The scoping review aimed to identify and assess the structural and systemic barriers that may be preventing marginalised groups from accessing resources, opportunities and outcomes on an equal basis with other groups. It was designed to gain a better understanding of which groups of young people remain under-served by Youth Information, Advice and Counselling Services (YIACS) and other services, the barriers these young people face in accessing support, and how YIACS and other services can best meet their needs. 

The in-depth exploration of the service needs, barriers, and experiences of 5 communities of young people found that experiences were complex and in need of tailored approaches. Some of the criteria we used to make decisions about which groups we should focus on included: 

  • Whether or not being part of the group might form part of a young person’s identity.   
  • Whether or not the group could be identified by services as a client group, as opposed to a service need or a condition.   
  • The group’s fit with the nine protected characteristics of the Equality Act 2010 (age; disability; gender reassignment; marriage and civil partnership; pregnancy and maternity; race; religion or belief; sex; sexual orientation).    
  • The size of the group and the perceived extent of its unmet needs and marginalisation from access to services.   


With this in mind, the review provides an in-depth exploration of the service needs, barriers and experiences of: 

  • Black young people and young people from racialised communities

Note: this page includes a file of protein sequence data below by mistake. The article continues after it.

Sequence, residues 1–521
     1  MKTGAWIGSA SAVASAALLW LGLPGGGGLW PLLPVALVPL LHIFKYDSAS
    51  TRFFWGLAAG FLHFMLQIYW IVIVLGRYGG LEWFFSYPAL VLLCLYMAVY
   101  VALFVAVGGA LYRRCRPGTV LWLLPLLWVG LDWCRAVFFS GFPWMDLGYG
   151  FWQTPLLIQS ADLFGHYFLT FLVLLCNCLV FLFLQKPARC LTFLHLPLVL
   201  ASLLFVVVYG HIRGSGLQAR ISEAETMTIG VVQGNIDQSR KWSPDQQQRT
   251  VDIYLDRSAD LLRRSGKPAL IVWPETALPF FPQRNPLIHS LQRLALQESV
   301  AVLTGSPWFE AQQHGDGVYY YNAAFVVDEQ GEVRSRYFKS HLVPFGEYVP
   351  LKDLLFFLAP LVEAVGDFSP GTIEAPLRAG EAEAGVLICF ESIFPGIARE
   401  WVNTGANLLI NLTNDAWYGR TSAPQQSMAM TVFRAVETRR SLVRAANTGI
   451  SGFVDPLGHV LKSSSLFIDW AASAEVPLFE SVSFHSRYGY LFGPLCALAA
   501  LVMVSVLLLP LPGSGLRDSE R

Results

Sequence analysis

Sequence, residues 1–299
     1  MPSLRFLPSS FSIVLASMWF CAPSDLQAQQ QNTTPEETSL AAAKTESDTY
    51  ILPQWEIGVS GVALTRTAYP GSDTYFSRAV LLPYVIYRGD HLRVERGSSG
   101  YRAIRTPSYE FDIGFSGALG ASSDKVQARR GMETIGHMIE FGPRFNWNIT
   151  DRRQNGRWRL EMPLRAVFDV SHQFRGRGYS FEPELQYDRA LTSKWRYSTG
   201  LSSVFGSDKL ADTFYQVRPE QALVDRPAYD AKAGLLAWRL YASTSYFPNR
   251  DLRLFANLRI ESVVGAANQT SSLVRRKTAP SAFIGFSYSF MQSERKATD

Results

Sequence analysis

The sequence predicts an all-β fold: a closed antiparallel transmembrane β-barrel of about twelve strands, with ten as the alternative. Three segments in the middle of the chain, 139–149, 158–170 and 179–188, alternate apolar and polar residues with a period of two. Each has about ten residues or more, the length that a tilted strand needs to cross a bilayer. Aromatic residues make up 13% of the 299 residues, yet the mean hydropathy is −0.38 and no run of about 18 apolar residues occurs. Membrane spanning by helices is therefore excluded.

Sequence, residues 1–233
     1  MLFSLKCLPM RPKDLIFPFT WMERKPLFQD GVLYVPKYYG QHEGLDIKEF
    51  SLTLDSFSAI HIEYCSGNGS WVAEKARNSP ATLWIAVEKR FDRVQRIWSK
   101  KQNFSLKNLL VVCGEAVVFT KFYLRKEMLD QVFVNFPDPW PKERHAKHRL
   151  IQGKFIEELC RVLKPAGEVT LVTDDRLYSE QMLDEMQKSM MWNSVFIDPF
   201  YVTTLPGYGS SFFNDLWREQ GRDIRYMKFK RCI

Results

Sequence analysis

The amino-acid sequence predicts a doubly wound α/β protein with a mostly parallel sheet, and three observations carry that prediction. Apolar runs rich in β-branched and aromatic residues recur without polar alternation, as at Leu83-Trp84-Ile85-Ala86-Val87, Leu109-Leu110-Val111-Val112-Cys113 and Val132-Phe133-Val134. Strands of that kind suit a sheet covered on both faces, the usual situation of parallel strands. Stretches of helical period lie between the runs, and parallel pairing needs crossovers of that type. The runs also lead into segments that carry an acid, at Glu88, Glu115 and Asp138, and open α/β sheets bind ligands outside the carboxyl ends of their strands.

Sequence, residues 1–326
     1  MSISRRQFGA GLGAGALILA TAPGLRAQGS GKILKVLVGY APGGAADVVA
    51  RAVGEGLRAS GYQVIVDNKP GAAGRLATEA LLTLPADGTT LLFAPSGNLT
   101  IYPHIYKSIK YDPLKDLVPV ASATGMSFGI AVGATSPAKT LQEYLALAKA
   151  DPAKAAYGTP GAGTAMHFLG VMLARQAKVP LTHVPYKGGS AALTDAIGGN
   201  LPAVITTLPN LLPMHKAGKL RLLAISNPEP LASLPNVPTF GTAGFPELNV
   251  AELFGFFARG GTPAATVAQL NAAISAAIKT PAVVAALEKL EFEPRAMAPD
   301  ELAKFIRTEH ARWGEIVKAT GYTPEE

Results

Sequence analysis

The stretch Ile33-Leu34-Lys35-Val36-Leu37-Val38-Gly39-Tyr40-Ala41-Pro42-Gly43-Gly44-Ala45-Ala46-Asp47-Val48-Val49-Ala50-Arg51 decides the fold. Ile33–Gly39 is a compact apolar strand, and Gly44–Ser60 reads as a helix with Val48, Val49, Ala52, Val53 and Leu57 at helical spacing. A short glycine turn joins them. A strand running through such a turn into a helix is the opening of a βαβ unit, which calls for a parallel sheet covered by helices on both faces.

• Gypsy, Roma and Traveller young people   
  • Refugee and asylum seeking young people   
  • Trans and gender diverse young people   
  • Deaf young people  

It is acknowledged that some of the criteria used to determine which groups to focus on are subject to subjectivity or bias, and that applying them required an element of arbitrary decision-making rather than an entirely scientific process.   

Furthermore, addressing entrenched inequalities in service access and experience is complex, requiring a sophisticated understanding of the needs, cultures, and help-seeking behaviours within each specific group, as well as the reasons for the shortcomings within services. It should also be noted that young people within groups are not heterogeneous; there are a range of different experiences as well as intersections with other protected characteristics.    

Equity reports collection

We are using the findings to guide our equity implementation plan and today publish 5 reports focusing on the experiences of each aforementioned group alongside a summary report. 

Open reports

Whether driving equity through research, campaigning or training, we will be bold, collaborative and responsive in our approach. Without equity, we can’t achieve our organisational vision. That is why we will maintain a dedicated focus on making service provision more equitable. Adopting a lens of social justice so that no young person is left behind, but is lifted and supported on their journey into adulthood, by community-based advice and counselling services that respect their rights and meet their individual needs.